King, who was eating a piece of toast with jelly, recalled one of the first protests in C.C.R., when the Panthers persuaded inmates to refuse the strip search. After a few days, King had realized that inmates were being beaten so badly that they could die, and he wrote a letter to Woodfox recommending that they end the protest. “It is the man who creates the principles,” he wrote. “The principles shouldn’t kill the man.”
posted by spamandkimchi at 12:45 PM on January 10, 2017 [8 favorites]

At Angola, Woodfox and Wallace had seen themselves as “village elders,” but at the new prisons the other inmates treated them like ordinary criminals. Wallace told Haney that he felt as if he were reaching his “end point.” His voice cracked, and he seemed hesitant and slow. He thought that there was something wrong with his heart. Crying, he said, “I can’t stand up to it.”

Wallace lost fifty pounds. He complained of stomach pain, which the prison doctors diagnosed as a fungus. “No palpable masses—exam limited by prison room chair,” one doctor wrote in June, 2013. Five days later, a doctor hired by Wallace’s lawyers found an eight-centimetre bulge in his abdomen. He received a diagnosis of liver cancer. Wallace told Haney, “The majority of my life I have been treated like an animal, so I guess I will die like an animal.”

posted by Frowner at 1:21 PM on January 10, 2017 [2 favorites]

I really encourage reading this entire profile. I haven't had such a strong emotional response to a piece of writing in a long time. It's unimaginable what these men went through and for what reason. Pretty much anything I say about it will sound trite but the article is excellent.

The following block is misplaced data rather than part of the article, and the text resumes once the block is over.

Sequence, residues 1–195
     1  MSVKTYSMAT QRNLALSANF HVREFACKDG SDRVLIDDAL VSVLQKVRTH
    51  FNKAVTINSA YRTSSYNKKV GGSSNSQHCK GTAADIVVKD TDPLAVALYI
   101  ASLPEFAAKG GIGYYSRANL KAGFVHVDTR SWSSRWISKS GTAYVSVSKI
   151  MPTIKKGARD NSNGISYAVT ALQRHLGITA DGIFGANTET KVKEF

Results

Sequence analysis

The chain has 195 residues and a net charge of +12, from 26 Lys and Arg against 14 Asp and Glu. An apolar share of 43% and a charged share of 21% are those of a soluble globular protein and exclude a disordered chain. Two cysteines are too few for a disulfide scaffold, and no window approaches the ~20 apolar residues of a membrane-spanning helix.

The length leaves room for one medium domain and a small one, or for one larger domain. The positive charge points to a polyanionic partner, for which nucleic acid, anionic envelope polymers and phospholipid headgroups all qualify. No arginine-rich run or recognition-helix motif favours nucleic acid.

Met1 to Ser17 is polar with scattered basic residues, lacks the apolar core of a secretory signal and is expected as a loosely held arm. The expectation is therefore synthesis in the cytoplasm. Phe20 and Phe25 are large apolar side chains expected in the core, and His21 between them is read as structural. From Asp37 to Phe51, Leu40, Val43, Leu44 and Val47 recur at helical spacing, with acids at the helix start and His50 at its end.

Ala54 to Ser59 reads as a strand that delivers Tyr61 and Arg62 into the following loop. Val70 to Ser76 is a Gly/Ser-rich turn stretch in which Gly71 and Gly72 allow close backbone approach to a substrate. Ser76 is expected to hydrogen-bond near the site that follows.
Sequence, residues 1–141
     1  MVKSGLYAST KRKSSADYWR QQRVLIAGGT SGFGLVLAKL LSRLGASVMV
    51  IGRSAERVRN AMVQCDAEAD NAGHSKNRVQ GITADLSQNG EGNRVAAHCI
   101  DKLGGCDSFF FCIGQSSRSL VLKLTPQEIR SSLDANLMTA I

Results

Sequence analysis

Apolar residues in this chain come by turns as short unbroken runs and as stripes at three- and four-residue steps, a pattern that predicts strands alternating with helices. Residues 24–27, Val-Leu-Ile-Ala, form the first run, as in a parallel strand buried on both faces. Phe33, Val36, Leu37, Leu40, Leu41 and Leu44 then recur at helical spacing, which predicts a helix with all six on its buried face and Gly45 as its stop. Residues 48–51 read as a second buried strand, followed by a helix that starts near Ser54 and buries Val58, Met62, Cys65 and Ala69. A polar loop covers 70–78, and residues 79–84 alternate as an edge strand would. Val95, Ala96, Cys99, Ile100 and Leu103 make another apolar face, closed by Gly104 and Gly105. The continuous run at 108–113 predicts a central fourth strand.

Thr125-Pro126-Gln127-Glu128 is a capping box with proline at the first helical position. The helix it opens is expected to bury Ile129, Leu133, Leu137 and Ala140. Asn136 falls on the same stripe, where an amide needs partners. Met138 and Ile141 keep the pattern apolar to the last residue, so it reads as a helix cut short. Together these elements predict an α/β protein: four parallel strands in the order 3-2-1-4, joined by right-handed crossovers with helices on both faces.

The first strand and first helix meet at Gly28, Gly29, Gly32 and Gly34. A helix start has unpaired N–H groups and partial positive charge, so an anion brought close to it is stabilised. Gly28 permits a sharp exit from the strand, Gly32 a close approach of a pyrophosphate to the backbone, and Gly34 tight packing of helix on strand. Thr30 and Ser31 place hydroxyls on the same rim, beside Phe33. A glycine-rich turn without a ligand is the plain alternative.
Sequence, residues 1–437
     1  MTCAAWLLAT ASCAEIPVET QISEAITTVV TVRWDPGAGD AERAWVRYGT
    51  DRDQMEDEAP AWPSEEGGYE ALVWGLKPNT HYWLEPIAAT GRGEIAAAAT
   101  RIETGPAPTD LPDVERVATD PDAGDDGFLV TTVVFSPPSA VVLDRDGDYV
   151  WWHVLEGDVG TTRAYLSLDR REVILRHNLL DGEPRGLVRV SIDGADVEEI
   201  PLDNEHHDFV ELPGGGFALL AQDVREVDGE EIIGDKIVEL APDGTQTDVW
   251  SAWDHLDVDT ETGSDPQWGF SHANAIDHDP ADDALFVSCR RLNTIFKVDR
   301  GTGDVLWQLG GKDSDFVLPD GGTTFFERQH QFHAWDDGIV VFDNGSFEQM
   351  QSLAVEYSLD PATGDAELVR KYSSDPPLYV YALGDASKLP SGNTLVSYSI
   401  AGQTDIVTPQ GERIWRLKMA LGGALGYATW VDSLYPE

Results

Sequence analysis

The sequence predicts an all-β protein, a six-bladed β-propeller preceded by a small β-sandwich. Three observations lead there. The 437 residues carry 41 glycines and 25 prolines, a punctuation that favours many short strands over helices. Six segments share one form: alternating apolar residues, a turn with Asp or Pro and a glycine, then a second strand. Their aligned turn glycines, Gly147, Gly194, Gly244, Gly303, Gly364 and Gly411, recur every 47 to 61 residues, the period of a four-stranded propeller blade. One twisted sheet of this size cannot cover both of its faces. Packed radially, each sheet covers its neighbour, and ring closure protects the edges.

posted by armadillo1224 at 4:29 PM on January 10, 2017 [1 favorite]

I hope Woodfox writes that book.
posted by No-sword at 6:24 PM on January 10, 2017

These days it's hard for me to reconcile the number of "not racist" people who reject the Black Panthers.
posted by Deoridhe at 7:20 PM on January 10, 2017 [4 favorites]

This is a truly excellent piece of journalism.

For those so moved, it's worth looking into the Ella Baker Center, which is doing great work on resisting the expansion of prisons. It was founded by Van Jones, who gives a great talk.

Another org doing great work is the Equal Justice Initiative. Their focus is on hitting the most egregious legal abuses, like trying juveniles as adults and throwing them in prison for life. They're also working on a national monument on lynchings, in a similar spirit to the German Holocaust memorials. Their founder, Bryan Stevenson, is also a joy to hear, and had written an excellent book called Just Mercy about his work on civil rights and criminal law.
posted by kaibutsu at 8:09 PM on January 10, 2017 [4 favorites]

Five days later, a federal judge responded to Wallace’s habeas petition, which had been lingering in the courts for years. The judge overturned his conviction, ordering that he be released.

At dusk, Wallace was loaded into an ambulance and taken to New Orleans, to stay with a friend who lived half a block from where he’d been raised. Family and friends, some of whom he hadn’t seen for forty years, gathered around his bed. One friend read him the last chapter of Eldridge Cleaver’s “Soul on Ice.” Another held flowers to his nose.

On Wallace’s second day of freedom, the state impanelled a grand jury, which reindicted him for Miller’s murder. Wallace was never told. He died the next day.
I can't comprehend the uselessness and pettiness and vindictiveness of the people behind this. There really was no point to it, was there.
posted by Joe in Australia at 10:02 PM on January 10, 2017 [10 favorites]